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British Museum and Sketchfab Publish 3D Scanned 3D Model of Rosetta Stone

Dating to 196 BC, the Rosetta Stone is one of the most important pieces that archeologists ever uncovered as it enabled a greater understanding of ancient Egyptian culture and thus the origins of human history. Until today to see it you had to visit the British Museum, now, thanks to a collaboration between the British Museum and online 3D model platform Sketchfab, you can just download it.

The model represents a part of grey and pink granodiorite stela bearing priestly decree concerning Ptolemy V in three blocks of text: Hieroglyphic (14 lines), Demotic (32 lines) and Greek (54 lines). The inscription is a decree passed by a council of priests, one of a series that affirm the royal cult of the 13 year-old Ptolemy V on the first anniversary of his coronation.

The stone was found in Fort Saint Julien, El-Rashid, Egypt. It measures 112.3 cm in length, 75.7 cm max width and it is 28.4 cm thick. The 3D model is by Daniel Pett, created with 228 photographs taken with Nikon D5100, Sony A6000 and OnePlus3 mobile phone. This can be improved further with more photography in future.

Rosetta Stone
by The British Museum
on Sketchfab

Here are some interesting facts from the British Museum’s blog

For any student of Egyptology, the Rosetta Stone has to be the most extraordinary icon in your chosen field. By the time you are a trained Egyptologist – usually four years later – you are probably skilled enough to read the Egyptian inscriptions on it. The sheer excitement of reading a text for the first time is what drives every philologist and if you are lucky, you will now start to decipher texts yourself. Let’s be honest, every language specialist wants to be a Champollion, deciphering a previously untranslated ancient text!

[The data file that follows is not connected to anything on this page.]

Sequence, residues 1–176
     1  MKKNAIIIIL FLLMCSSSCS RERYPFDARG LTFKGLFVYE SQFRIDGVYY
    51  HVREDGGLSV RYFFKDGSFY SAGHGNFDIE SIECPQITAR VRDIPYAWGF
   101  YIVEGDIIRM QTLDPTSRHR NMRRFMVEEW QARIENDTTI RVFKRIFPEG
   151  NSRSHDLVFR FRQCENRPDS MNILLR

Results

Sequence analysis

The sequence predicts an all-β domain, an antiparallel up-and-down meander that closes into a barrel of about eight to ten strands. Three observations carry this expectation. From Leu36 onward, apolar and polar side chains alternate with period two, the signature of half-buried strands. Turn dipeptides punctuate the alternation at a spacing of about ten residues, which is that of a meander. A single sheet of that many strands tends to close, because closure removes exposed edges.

The Rosetta Stone is itself a copy of an older document

The Rosetta Stone. Today, a unique object in Egyptology, but originally one of many identical stelae that were mass produced.
According to the inscription on the Stone, an identical copy of the declaration was to be placed in every sizeable temple across Egypt. Whether this happened is unknown, but copies of the same bilingual, three-script decree have now been found and can be seen in other museums. The Rosetta Stone is thus one of many mass-produced stelaedesigned to widely disseminate an agreement issued by a council of priests in 196 BC. In fact, the text on the Stone is a copy of a prototype that was composed about a century earlier in the 3rd century BC. Only the date and the names were changed!

The Rosetta Stone was not originally an Egyptian text

Decrees of this kind were essentially honorary Greek texts in composition, terminology, and ideology. The active priestly involvement in state affairs and the near exclusion of the Ptolemaic rulers from important religious decisions conveyed in the text is not very ‘Egyptian’ – in ancient Egypt, such decrees would have been issued by the pharaoh. By the time of the Rosetta Stone inscription, Egyptian priests were capable of composing Egyptian as well as Greek official texts, as they now belonged to the ruling class of the Ptolemaic administration.

Experts inspecting the Rosetta Stone during the International Congress of Orientalists of 1874. Published in Illustrated London News.
Priests made an effort to make the hieroglyphic text look old!

At the time the Rosetta Stone text was inscribed, the use of hieroglyphs was disappearing. As the Stone tells us, hieroglyphs were ‘sacred writing’ or ‘the writing of the words of the gods’. Distinguishing this script from the day-to-day script and language of Egypt (Demotic and Ancient Greek) was a way for the priests to display their knowledge and, therefore, their special status. When translating the text into hieroglyphs, they tried to make them ‘look old’ in comparison with Demotic. Rather than using the ancient equivalent for a Demotic word, they searched for synonyms. For example, instead of translating the Greek ψήφισμα ‘decree’ with the commonly used wD, they chose to use sxAw ‘memorandum’ because wD is too close to wt in Demotic.

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